The age of austerity should not hurt stocks

Kathleen Brooks
A WEEK has passed since the emergency Budget set the UK on a path of fairly aggressive fiscal consolidation. Public spending will be cut in real terms, Vat is scheduled to rise and new rules are in place to ensure that the debt-to-GDP ratio will fall back to more sustainable levels in the coming years.

So in an age of austerity where should investors park their cash? Analysts at UBS have reiterated their positive view on UK equities, and now expect the FTSE 100 to rise to 6,250 by the end of this year, a 20 per cent increase from current levels. The main gist of their argument is that although the measures to repair the UK’s fiscal woes are steep, they will not push the UK’s economy back into recession.

In fact, the spending cuts and tax increases announced by George Osborne last week could even boost stocks. Firstly, the Budget reduces the chances of an interest rate hike later this year, which is good news for businesses as it keeps debt financing costs low. This should also keep a lid on sterling appreciation, which is welcome news for Britain’s exporters.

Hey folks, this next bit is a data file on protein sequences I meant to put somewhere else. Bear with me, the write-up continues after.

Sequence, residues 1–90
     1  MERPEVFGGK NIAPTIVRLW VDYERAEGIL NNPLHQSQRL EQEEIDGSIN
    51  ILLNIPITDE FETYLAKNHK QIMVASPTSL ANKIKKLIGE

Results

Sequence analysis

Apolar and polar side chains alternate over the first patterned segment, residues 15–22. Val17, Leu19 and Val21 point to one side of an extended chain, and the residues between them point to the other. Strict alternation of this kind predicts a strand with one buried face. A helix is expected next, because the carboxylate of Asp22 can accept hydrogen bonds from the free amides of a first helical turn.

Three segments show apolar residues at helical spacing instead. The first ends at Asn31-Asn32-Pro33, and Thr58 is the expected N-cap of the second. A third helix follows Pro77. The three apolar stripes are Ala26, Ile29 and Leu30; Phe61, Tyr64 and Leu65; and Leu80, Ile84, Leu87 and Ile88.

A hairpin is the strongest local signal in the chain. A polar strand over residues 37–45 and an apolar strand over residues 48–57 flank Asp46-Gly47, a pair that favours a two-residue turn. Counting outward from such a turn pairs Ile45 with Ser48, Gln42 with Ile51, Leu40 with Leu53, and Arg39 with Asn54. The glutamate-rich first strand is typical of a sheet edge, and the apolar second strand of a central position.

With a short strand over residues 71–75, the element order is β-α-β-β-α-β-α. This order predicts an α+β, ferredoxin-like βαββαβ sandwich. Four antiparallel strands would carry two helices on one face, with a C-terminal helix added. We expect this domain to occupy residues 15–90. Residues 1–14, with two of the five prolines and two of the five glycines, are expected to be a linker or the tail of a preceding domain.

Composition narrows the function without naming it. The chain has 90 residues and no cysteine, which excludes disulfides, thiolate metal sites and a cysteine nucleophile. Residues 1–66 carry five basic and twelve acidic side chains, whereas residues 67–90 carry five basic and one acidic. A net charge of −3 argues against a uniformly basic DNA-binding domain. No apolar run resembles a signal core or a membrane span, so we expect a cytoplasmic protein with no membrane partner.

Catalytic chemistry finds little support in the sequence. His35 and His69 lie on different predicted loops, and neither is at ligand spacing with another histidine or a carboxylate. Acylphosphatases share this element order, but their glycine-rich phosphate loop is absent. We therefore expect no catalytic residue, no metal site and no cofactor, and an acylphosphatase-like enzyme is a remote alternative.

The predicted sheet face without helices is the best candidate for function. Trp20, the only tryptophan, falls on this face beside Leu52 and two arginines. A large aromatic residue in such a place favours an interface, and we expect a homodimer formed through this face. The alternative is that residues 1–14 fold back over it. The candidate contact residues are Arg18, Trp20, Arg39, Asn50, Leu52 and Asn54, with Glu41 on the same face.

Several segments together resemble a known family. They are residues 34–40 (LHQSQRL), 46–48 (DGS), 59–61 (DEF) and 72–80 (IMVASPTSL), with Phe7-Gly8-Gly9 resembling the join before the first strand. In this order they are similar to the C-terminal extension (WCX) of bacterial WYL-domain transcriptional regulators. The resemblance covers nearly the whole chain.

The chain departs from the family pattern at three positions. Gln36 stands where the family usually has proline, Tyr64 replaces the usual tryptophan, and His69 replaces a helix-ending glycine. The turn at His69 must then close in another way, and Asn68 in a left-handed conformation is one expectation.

Secondly, other measures included in the Budget, like the cut in corporation tax from 28 per cent to 24 per cent, received a warm welcome from the business community. Beverage companies like Diageo, the makers of Guiness and Baileys, and C&C, the Irish cider maker, can breath a sigh of relief that alcohol duty was not increased. And even retailers have been given six months to prepare for the 2.5 per cent increase in VAT, which will not be implemented until 4 January next year.

And it’s not just a supportive macro environment that will boost stocks – valuations are also looking attractive. UBS’s current price-to-earnings ratio for the FTSE 100 is 10.3 for 2010 and 8.5 for 2011. This compares with a long-run average of 13 times earnings, which suggests that the FTSE 100 looks cheap relative to history.

It’s all very good to look cheap, but is there real value? By far the most compelling argument for FTSE appreciation this year is the geographic dispersion of the index’s earnings. Nearly three quarters of earnings, excluding financials, come from overseas: 26 percent coming from Europe, 22 per cent from North America and, crucially, 26 per cent coming from the rest of the world, led by fast-growing emerging markets nations.

But what about BP? The oil giant is one of the largest companies on the FTSE 100, even after losing half its value since the Gulf of Mexico oil spill. Although costs relating to the clean-up continue to spiral, there are signs that some of the pressure on the company has started to ease after President Obama told David Cameron that BP should remain a strong and stable company. Whether that is enough to save the firm remains to be seen.

So while bond yields and cash rates remain meagre, there is a strong argument for contract for difference traders to invest in equities, especially in an environment where overall returns could be hard to come by in the coming years.